Right now it appears that the hot/dry season might be upon us. It's been near 100 the last couple of days and the forecast is for more of the same. I know that sounds wonderful to you folks up north, but it's just plain hot. The humidity stays pretty high too so I have moved WAY PAST the ladylike, glowing, to just plain sweating. If indeed the dry season is upon us, it will probably last thru April and May. May seems to always be the most miserable month. We visited twice in May before we moved (you'd think we'd have learned the first time) and both times it was over 100 every day. Starting in June is the hurricane season, which brings thunderstorms and rain.

I haven't posted for a bit and won't include any more right now, as we've been facing a few problems which have been taking most of my time. Stay tuned for more of the life and times of an old couple in Belize.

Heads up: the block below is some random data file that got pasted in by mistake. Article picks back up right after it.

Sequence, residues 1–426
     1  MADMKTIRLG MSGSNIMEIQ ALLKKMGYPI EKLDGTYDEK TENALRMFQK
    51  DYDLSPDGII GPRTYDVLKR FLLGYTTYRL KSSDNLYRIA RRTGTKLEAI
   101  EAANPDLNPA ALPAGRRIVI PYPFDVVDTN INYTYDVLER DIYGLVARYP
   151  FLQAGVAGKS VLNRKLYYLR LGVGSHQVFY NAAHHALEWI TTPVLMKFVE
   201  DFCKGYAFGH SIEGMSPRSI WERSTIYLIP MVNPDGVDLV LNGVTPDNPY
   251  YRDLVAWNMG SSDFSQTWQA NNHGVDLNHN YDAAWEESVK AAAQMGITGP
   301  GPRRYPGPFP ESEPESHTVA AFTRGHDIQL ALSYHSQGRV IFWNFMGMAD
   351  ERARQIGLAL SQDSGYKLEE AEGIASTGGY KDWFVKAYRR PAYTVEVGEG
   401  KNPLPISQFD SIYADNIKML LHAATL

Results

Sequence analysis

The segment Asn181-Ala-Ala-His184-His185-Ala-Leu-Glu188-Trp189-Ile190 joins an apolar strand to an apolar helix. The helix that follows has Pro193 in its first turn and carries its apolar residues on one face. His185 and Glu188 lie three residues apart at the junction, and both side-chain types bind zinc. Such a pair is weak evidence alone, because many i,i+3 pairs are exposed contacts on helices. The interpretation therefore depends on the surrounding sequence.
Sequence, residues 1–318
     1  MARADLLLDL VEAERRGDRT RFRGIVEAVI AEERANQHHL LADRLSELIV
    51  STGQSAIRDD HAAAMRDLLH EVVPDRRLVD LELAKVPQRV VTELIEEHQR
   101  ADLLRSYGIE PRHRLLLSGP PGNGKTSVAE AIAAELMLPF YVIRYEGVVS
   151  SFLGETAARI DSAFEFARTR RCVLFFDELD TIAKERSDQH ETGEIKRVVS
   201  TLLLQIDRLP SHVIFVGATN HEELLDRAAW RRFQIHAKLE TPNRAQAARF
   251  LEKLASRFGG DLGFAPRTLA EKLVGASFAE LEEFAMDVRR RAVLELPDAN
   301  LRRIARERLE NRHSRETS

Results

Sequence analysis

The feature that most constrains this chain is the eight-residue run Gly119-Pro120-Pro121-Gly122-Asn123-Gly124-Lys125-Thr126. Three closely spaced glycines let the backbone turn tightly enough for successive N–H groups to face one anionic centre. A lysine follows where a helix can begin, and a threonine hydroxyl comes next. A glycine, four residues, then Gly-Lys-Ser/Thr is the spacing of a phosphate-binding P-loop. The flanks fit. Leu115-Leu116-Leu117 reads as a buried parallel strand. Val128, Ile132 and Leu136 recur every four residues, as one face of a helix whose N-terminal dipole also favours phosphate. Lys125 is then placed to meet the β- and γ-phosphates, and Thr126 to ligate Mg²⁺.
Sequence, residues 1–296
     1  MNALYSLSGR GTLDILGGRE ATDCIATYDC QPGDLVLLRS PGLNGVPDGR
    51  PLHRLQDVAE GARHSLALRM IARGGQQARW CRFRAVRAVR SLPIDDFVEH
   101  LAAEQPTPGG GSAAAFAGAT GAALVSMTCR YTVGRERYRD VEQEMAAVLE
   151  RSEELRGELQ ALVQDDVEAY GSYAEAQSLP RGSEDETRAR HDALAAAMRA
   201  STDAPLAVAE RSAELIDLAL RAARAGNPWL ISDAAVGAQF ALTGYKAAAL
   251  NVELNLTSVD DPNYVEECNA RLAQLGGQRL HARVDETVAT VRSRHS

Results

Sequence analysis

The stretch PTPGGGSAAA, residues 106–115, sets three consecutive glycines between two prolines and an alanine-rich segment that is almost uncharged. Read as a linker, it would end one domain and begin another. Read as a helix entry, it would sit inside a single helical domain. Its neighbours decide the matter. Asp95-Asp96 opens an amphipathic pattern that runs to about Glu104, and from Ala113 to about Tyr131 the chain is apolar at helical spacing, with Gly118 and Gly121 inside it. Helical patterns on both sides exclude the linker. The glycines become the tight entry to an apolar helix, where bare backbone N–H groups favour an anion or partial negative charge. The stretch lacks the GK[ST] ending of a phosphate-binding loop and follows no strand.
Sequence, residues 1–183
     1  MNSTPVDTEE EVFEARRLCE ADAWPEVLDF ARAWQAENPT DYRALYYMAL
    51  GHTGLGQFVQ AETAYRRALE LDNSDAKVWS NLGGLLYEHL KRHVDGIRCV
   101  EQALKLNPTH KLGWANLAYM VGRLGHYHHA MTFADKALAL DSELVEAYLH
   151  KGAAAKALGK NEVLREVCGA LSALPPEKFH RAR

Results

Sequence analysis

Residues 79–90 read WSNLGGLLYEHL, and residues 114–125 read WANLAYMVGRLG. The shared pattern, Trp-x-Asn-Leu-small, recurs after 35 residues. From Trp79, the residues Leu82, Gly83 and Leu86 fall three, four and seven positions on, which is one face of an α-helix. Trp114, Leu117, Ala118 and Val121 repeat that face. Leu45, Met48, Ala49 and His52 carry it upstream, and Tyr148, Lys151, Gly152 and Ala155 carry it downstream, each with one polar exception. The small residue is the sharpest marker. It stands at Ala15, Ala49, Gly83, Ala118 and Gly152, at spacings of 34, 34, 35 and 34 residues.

Sunday, March 13, 2011

More computer problems

I can't believe that I've had problems with my little notebook computer too. After all I went thru with the Dell and finally had to give up, now the notebook I bo't has been giving me fits. There are supposed repair places here, but its hard to trust an expensive piece of equipment to a falling down house with a homemade sign that says computer services and repair. I took it to a place in a building referred to as "the mall" & they have hopefully solved my problem. Had to order a part which will probably take forever. I'm slogging along working around the problem, which is better than not having the use of it at all.

We're back to our regular stuff now that our family has gone. What a joy it was to get hugs, catch up on kids and grandkids and just enjoy being with dear family. Sure miss them.